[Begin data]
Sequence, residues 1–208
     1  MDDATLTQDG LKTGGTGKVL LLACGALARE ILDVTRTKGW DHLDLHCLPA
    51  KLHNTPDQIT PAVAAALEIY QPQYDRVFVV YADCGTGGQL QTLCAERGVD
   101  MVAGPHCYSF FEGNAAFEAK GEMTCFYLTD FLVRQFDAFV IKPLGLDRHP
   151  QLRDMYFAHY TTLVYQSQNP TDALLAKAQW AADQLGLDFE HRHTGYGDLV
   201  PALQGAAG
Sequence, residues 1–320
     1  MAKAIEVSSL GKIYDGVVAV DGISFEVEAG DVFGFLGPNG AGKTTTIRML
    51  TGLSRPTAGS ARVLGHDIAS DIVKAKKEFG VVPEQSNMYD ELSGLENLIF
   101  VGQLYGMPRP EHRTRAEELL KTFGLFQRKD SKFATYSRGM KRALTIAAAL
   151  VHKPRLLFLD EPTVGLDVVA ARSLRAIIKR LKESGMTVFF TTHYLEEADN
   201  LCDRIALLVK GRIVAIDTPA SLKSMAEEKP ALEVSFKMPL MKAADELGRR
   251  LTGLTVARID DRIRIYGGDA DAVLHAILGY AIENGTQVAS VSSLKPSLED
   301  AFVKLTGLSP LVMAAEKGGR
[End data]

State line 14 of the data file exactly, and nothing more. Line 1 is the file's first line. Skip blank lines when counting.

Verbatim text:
   301  AFVKLTGLSP LVMAAEKGGR